First, a word of caution — both legacy Schering-Plough’s Victrelis® (boceprevir), and Vertex Pharma’s Incivek® (telaprevir) are still “investigational” drugs — when we speak about treating HCV/HIV co-infected patients. That is, FDA has not approved either drug for use in such patients — the companies’ drugs are only labeled to treat Hep C (or HCV), at present. [So, technically speaking, their use in co-infected patients is “off-label“, but under study, i.e. — “investigational” in FDA parlance.]
Thus, both companies are running trials to determine whether either one will be allowed to be marketed as useful for treating patients with both HIV and Hep C — a rather common occurence in the current US patient population. So far — as was true with the overall efficacy studies on Hep C alone — it seems that Incivek is posting more impressive cure rates, with (thus far) no HIV viral breakthroughs.
You’ll recall that a month ago, FDA specifically warned about not treating HIV/HCV co-infected patients with a combination of Merck’s Victrelis, and any ritonavir-boosted protease inhibitor — as it seemed as though that combination (in some not-well understood way) weakened the anti-HIV regimen (a statistically-significant rate of HIV breakthroughs were observed, in patients on such a combination-laden therapy). Merck has concurred with this assessment, and has openly said that Victrelis shouldn’t be used in such settings.
Significantly, no such drug-interaction/side-effect has been seen in any of Vertex’s Incivek trials. The two base molecules are different enough (see at right), that it would be plausible to believe that Incivek (telaprevir) doesn’t suffer the same defect, structurally, that Victrelis (boceprevir) does. Of course, we don’t know exactly why this breakthough effect is happening — but it does reinforce the notion that, in the science of biology (and thus evolution), even slight variations often make significant differences, over the vast multiples of generations that are the engine of evolution. Remember that HIV virus types (and, for that matter, HCV virus types) may transition through hundreds of thousands of such “generations” in just a few weeks’ time, inside a human host.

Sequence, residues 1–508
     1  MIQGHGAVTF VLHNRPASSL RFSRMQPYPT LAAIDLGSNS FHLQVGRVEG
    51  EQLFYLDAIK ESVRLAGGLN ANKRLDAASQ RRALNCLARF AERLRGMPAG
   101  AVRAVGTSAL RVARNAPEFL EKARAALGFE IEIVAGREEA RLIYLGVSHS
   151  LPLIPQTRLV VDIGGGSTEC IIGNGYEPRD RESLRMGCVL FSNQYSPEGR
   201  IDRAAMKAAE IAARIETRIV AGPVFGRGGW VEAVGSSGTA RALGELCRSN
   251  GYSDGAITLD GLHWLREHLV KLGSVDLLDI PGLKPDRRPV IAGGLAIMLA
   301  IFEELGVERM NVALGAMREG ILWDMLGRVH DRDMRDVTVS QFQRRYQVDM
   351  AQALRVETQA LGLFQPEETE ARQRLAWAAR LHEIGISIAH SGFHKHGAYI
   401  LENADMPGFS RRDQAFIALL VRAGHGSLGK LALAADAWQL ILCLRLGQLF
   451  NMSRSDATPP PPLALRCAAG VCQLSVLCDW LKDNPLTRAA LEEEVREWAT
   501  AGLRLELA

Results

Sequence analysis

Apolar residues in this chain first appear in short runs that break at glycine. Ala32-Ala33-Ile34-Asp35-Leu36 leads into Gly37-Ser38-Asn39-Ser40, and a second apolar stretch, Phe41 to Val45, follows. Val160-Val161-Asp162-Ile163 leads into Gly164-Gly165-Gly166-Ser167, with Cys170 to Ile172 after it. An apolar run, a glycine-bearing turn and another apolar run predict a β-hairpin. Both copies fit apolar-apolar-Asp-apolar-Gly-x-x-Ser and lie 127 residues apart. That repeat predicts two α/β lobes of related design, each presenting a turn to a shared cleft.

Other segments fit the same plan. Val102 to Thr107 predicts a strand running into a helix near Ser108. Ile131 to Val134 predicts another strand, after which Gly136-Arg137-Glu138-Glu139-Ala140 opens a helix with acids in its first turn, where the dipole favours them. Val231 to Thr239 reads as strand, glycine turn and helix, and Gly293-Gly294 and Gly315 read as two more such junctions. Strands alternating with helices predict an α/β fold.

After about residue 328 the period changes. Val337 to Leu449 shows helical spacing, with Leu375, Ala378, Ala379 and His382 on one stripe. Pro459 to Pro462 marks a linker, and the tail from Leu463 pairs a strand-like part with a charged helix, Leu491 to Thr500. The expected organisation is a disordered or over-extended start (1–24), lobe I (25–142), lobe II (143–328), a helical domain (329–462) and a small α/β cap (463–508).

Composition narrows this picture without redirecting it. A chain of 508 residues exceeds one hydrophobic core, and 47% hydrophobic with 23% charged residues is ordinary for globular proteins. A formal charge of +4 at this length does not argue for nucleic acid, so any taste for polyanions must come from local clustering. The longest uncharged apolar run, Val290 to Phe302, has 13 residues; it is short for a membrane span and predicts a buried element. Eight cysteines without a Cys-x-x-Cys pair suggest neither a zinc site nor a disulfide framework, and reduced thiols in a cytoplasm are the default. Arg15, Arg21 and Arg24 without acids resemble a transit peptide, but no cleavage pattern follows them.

What it all means, in my opinion, is that Vertex holds the lead in current Hep C regimens — at least for the next few years — to early 2016 (especially since Gilead’s next-gen Hep C setback). And Vertex rose over 2 percent yesterday, on the NYSE, while Merck declined throughout the day — dropping below $37, in the early going, only to make it most of the way back to flat, by day’s end.
Here is a bit of the Reuters reporting, with the data, out of the conference in Seattle, late Tuesday — do go read it all:
. . . .Vertex said 74 percent of trial patients treated with Incivek followed by the standard regimen of interferon and ribavirin were free of the hepatitis C virus, or HCV, 12 weeks after ending treatment, compared with 45 percent of patients given interferon and ribavirin alone.
There were no instances of a rebound of HIV for patients in the Incivek trial. Side effects seen more frequently with that drug were itching, headache, nausea, rash, fever and depression. No cases of severe rash were reported.
Merck’s mid-stage trial found that 63.9 percent of patients treated with Victrelis and the standard hepatitis C therapy were free of HCV at 48 weeks of treatment, compared with 29.4 percent of patients treated only with interferon and ribavirin.
Two patients on Victrelis and three in the control group had an increase in HIV. . . .
So — will Merck’s (which is actually legacy Schering-Plough’s) Hep C drug, Victrelis, ever reach 20 percent share, in the US market? I personally doubt it.